Develop your business
Hannah Sedgwick is the owner of Penryn Violins, a micro-business in Cornwall that designs, makes and restores instruments of the violin family and early woodwind instruments. Hannah successfully applied to the Creative Employment Programme for funding to create a paid internship as she needed a new member of staff to help expand.
Disability-led arts organisation Shape works to improve access to the arts. They used the Creative Employment Programme to take on a paid intern in their Fundraising and Development Department. The intern has since secured a full-time role in the team.
The Creative Employment Programme helped Rotherham Creative build capacity in the local creative sector, giving young people much needed employment opportunities. The initiative is linked to the development of Rotherham’s Music Education Hub and wider arts activities for young people.
Craft Northern Ireland’s 'making it' programme is a two-year business start-up scheme for makers in craft and applied arts. Funded by Invest Northern Ireland and the Arts Council of Northern Ireland, it is a model of best practice in craft enterprise development.
The Music Education Hub in Telford and Wrekin Council applied to the Creative Employment Programme to create four Creative Apprenticeships for young people within the local authority and its arts venues.
Organisations creating paid internships with funding from the Creative Employment Programme (CEP) are required to advertise these posts at their local Jobcentre Plus. This makes them accessible to the nearly one million 18 to 24 year olds in the UK who are unemployed.
Suffolk County Council brought together 33 local cultural sector employers into a consortium to create 80 Creative Employment Programme-funded apprenticeships and paid internships. They have been able to address youth unemployment and diversify the area’s creative workforce.
London Theatre Consortium (LTC) is a consortium of 13 of London’s leading producing theatres. After successfully winning funding through the Creative Employment Programme, they were able to take on 38 apprentices.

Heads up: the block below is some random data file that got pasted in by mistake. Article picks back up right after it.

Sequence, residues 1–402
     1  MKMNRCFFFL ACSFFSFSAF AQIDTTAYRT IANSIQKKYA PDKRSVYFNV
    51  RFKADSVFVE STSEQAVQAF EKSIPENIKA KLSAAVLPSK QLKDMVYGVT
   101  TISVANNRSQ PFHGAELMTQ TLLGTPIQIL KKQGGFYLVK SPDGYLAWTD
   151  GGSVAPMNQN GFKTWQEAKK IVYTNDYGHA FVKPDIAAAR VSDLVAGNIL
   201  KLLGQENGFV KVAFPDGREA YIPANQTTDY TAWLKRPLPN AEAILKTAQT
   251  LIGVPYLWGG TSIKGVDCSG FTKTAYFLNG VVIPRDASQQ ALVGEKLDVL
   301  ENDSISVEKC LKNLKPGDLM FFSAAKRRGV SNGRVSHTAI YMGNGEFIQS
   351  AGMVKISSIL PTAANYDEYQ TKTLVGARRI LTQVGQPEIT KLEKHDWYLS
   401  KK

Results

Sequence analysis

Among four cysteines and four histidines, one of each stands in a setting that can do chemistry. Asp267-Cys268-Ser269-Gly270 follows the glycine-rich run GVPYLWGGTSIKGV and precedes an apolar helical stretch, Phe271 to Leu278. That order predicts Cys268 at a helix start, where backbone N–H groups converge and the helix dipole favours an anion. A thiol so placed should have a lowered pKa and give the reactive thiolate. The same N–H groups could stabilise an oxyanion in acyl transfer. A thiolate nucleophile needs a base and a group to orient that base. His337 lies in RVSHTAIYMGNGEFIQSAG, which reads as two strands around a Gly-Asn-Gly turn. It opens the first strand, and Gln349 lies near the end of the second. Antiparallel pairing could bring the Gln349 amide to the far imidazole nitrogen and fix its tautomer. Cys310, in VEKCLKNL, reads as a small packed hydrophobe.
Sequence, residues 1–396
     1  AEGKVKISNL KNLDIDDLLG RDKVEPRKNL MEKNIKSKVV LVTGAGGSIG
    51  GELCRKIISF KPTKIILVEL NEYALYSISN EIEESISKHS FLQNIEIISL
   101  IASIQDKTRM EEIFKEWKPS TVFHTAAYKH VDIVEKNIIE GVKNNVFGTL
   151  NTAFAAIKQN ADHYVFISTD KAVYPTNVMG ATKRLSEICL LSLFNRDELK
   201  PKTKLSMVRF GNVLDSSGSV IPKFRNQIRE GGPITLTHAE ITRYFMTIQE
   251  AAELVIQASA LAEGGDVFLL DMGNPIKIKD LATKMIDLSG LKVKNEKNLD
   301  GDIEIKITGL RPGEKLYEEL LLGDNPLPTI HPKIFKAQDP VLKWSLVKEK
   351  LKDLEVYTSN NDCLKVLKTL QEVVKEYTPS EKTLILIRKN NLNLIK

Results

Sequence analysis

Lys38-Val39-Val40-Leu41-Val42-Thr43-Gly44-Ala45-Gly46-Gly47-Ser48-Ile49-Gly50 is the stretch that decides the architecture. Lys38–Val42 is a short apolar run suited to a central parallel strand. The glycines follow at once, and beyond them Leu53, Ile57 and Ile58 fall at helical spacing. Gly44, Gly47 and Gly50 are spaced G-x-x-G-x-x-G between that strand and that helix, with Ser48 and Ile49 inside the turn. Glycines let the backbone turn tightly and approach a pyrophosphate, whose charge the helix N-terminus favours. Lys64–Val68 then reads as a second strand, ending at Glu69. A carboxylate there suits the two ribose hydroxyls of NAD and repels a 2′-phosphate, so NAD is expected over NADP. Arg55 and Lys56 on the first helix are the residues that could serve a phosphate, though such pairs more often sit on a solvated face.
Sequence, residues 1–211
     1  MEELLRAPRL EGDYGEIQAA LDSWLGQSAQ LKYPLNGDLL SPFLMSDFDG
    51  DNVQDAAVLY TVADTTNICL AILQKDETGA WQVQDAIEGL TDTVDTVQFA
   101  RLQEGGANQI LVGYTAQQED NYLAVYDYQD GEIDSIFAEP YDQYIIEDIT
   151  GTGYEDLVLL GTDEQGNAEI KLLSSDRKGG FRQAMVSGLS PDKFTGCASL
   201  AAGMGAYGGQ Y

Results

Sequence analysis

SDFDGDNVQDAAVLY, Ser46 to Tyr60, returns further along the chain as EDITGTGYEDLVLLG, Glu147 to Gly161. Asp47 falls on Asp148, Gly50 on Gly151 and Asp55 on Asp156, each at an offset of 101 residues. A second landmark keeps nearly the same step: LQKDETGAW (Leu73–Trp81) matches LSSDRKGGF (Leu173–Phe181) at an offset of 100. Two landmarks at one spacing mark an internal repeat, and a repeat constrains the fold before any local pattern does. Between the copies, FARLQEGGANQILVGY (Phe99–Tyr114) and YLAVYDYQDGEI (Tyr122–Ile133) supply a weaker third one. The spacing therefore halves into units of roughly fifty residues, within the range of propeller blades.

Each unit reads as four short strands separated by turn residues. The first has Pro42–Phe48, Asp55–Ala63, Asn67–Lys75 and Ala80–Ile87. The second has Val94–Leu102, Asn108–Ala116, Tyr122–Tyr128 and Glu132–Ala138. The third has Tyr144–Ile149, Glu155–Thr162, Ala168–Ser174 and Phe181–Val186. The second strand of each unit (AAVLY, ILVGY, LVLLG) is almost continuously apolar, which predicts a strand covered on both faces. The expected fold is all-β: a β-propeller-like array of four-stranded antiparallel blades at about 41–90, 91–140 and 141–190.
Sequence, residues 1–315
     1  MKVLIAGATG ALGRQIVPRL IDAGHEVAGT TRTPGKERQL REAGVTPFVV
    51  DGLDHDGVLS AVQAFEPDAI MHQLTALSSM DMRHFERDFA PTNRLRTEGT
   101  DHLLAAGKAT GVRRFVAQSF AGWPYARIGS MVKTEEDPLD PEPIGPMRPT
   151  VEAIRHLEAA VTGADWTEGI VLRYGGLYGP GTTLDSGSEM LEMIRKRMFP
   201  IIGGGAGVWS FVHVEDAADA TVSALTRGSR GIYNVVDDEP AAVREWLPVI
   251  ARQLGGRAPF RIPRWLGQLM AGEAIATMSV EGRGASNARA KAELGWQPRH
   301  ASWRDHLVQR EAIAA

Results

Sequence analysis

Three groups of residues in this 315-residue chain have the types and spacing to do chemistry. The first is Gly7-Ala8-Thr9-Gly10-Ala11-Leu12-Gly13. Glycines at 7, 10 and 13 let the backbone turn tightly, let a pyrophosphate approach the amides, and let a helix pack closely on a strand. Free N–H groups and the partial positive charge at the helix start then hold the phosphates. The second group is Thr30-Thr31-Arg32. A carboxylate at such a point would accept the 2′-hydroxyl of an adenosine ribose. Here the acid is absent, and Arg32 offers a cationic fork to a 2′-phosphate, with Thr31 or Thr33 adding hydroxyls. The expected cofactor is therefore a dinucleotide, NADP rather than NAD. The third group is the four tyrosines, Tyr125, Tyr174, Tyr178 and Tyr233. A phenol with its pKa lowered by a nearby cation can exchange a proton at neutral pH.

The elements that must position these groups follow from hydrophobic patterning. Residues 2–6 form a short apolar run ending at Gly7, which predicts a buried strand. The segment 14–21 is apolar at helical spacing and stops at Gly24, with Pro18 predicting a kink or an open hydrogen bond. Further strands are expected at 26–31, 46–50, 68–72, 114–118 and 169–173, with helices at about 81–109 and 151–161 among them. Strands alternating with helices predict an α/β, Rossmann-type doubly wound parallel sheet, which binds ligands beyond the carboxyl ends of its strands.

The UK’s only creative-business incubator for designer-makers is using the Creative Employment Programme to support its studio-holders through the process of taking on their first employee and growing their micro-businesses
As a renowned institution at the forefront of the cultural heritage sector, the V&A is keen to develop the skills of those working in the creative and cultural industries.
Wise Productions needed extra staff, so they started thinking about apprenticeships.
Live Nation had always been passionate about getting young people into the music industry, so apprenticeships were a natural fit for them.
Motorpoint Arena took part in a creative apprenticeships pilot in Wales.
Greenwich Theatre were always interested in apprenticeships, but worried that, as a small theatre, they didn't have the resources to train someone on a technical theatre pathway.
The Barbican partnered with the GLA as one of five arts organisations involved in the ‘Mayor of London Presents...' festival.
Developing formally-recognised apprenticeships at Goldsmiths' Company.
Deyes High School were interested in looking into apprenticeships. They talk about getting help from the Creative & Cultural Skills apprenticeships team.
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As enterprises develop, more opportunities emerge, and it seems that the logical thing to do is to ‘grow the business’. Here are three key issues for growing a creative business:
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